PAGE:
The Professional Geologist License

Pennsylvania and many other states require all non-petroleum professional geologists to either work under a licensed Professional Geologist or to have a Professional Geologist (P.G.) license.  Thus, if you want your career to advance beyond ‘flunky’, you will need to take the P.G. licensure exam.  If you plan to be a petroleum or academic geologist, you do not need to worry about becoming a P.G.

If you are a senior, now is a great time to pay attention to the following:

The certification exam is a two-step process:

1.  First, you must take the multiple-choice Fundamentals of Geology exam.  Currently the exams are held twice a year, in about early October and mid-March.  You may take the exam in March before you graduate, but I'd probably recommend waiting until October, when you've had all of your coursework plus summer field camp.  Regardless, you should certainly not wait long after graduation to take the exam.  Imagine trying to review your entire undergraduate curriculum five years from now when you finally have to get the P.G. in order to advance in your career!

2.  Second, after working for five years, you can take the multiple-choice Principles and Practices of Geology exam.  You will also need three references from licensed Professional Geologists.

Basic Prerequisites to Taking the Professional Geologists Exam

You must have taken at least 30 credits of university geology courses in classes that may cover any of the following subjects:

Physical Geology & Geology Lab Sedimentology & Stratigraphy Tectonics Soils & Rock Mechanics
Historical Geology Paleontology Geochemistry Geologic Hazards
Mineralogy Geomorphology Geophysics Structural Geology*
Igneous &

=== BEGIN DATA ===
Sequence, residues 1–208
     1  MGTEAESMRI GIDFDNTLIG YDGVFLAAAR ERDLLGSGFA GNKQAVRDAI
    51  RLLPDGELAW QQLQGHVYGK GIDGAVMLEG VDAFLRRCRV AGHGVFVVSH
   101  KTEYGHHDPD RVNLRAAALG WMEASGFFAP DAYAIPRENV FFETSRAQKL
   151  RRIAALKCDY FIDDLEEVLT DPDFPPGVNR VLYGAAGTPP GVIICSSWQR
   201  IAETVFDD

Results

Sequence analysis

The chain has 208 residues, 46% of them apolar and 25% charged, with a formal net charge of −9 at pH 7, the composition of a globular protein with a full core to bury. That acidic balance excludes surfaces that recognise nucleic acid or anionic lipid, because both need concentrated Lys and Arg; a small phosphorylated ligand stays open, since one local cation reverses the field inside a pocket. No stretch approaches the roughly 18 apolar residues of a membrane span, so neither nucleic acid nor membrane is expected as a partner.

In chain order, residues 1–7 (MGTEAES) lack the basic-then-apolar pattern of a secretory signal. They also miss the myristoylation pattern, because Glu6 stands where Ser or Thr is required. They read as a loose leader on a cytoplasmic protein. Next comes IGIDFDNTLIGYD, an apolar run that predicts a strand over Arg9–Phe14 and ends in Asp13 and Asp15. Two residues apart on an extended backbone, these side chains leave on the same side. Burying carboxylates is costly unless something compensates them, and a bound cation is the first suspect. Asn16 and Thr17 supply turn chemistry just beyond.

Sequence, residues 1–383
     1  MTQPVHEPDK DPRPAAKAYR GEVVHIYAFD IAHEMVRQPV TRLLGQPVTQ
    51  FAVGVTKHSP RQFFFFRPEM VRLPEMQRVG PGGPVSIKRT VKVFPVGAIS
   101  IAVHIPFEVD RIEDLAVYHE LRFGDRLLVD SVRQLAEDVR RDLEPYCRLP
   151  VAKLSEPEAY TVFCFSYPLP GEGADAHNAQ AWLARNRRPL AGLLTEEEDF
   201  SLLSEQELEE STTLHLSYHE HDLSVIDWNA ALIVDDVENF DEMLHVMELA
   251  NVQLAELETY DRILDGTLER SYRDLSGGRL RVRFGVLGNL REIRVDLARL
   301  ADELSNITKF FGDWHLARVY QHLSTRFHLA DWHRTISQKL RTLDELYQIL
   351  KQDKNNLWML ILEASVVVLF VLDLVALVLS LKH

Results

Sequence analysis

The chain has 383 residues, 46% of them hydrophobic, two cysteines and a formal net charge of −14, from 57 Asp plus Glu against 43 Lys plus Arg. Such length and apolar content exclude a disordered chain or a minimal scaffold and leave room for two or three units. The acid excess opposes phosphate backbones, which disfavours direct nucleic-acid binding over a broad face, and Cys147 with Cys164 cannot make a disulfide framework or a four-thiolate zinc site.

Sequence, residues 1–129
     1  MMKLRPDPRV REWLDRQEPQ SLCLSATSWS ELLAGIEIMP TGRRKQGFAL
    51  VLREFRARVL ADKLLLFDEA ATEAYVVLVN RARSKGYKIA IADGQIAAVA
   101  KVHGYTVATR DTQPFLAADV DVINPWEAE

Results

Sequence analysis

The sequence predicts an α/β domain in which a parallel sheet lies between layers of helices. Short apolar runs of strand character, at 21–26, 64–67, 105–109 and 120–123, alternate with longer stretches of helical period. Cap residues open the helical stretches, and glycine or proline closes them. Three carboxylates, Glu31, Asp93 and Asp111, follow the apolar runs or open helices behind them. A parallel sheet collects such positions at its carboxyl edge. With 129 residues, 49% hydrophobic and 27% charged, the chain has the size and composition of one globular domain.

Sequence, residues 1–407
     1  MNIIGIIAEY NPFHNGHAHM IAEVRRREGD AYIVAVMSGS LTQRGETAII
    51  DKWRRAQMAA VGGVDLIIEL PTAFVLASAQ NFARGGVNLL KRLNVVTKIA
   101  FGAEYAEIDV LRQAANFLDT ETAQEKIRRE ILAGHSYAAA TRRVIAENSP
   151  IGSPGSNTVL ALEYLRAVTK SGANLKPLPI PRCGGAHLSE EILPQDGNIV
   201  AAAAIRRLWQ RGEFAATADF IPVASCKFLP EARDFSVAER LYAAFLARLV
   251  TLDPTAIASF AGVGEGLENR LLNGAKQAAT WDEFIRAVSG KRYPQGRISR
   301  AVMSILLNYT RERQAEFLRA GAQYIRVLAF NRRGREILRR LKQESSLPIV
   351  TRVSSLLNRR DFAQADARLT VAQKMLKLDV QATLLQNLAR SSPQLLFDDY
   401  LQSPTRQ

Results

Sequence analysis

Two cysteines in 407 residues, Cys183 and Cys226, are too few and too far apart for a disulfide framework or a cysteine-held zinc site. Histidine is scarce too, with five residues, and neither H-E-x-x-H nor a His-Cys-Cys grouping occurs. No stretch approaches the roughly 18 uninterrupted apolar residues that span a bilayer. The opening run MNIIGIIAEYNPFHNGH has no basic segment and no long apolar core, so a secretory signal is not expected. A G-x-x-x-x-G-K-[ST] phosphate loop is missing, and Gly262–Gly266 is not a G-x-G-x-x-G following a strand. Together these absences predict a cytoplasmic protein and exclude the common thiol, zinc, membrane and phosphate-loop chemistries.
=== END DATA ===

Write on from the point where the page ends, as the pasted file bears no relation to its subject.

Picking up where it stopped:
Metamorphic Petrology
Environmental Geology


Summer Field Methods/  Field Mapping*

*The only classes that are required for the P.G. exam are Structural Geology (GEOL 1100) and the summer geology field camp (GEOL 1960).  Given its importance on the test, Groundwater Geology should be required.

Click here to download a handy brochure from the Pennsylvania Council of Professional Geologists.  The full legal requirements set out in Pennsylvania law are concisely set out here.  (Please let your advisor know if any of the links here fail.)

How To Sign Up To Take These Exams

There are three organizations involved in setting these exams:  Pennsylvania’s Department of State, a privately run company called Professional Credential Services (PCS), and ASBOG.  They each have a website that creates a perpetual ring of links to each other.  I am hoping that what follows will streamline your effort to get your P.G. license.

There are three organizations involved in setting up these exams:  Pennsylvania’s Department of State, a privately run company called Professional Credential Services (PCS), and ASBOG

  • The Department of State deals with the legal documents needed to get your P.G. license.
  • PCS is the company that schedules and gives the licensing exams.
  • ASBOG is the organization that writes the exams and provides guidance as to what you need to know to pass the exam.

Step 1:  Apply to Pennsylvania’s Department of State to Take the Exams: